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Symposium: Whose Heritage? A (Multi)Cultural Perspective

' [The 'multi' in multicultural] represents one of the most important cultural developments of our time: the stakes which 'the margins' have in modernity, the local-in-the-global, the pioneering of a new cosmopolitan, vernacular, post-national, global sensibility......continuing to misrepresent Britain as a close, embattled, self-sufficient, defensive, 'tight little island' would be fatal' - Stuart Hall, Whose Heritage, Un-Settling 'the Heritage' Re-Imagining the Post-Nation, (Third Text, 1999).

Symposium, The Assembly Rooms, Newcastle. Friday 24th May, 2019. For tickets, click the above image.

In light of the divisive climate Brexit has unleashed on this country and the toxic increase in hate crimes, it feels timely to revisit exactly what we mean by British heritage today.

The first keynote will be delivered by broadcaster David Olusoga and the second by the Chief Executive of Eclipse Theatre, Dawn Walton. If you're not excited, you absolutely should be! There are a broad range of panels, performances and papers throughout the day to consider and share multiple practices and critical approaches in the arts, culture and heritage sectors. To bring the peripheral into focus.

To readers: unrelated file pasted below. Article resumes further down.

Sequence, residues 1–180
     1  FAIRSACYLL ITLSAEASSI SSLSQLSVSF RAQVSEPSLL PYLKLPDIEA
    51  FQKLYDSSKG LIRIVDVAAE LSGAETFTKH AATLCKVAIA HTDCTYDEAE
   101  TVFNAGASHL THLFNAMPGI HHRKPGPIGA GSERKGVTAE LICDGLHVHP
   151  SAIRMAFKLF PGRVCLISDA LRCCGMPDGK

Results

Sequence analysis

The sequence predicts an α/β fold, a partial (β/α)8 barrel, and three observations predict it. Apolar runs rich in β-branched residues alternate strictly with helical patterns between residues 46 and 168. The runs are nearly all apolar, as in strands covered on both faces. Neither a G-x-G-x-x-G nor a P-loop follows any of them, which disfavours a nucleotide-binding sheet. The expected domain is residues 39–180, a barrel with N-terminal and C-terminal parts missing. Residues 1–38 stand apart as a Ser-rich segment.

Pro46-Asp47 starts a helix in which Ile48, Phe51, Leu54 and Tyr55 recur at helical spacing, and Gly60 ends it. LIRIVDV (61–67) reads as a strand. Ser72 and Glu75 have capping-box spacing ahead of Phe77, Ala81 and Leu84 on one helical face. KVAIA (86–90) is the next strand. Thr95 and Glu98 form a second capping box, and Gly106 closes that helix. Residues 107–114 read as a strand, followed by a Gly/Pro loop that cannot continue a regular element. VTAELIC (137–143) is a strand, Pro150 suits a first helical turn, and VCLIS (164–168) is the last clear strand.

Funded by the AHRC, the symposium is organised by Susan Ashley, PhD of Northumbria University and is delivered in close partnership with BAME cultural organisations based in North East England. 'BAME' is an acronym [often contested] which stands for Black, Asian and Minority Ethnic.

Gypsy, Roma and Traveller (GRT) people are part of the latter heterogeneous ethnic grouping. As a British Gypsy who has completed a PhD that illuminates an obscured GRT presence in literature, visual art and the archive, I'm delighted to have been asked to read at this symposium. I'll share my creative-practice led research and gather with friends, celebrate the twentieth anniversary of Stuart Hall's landmark address. In solidarity.



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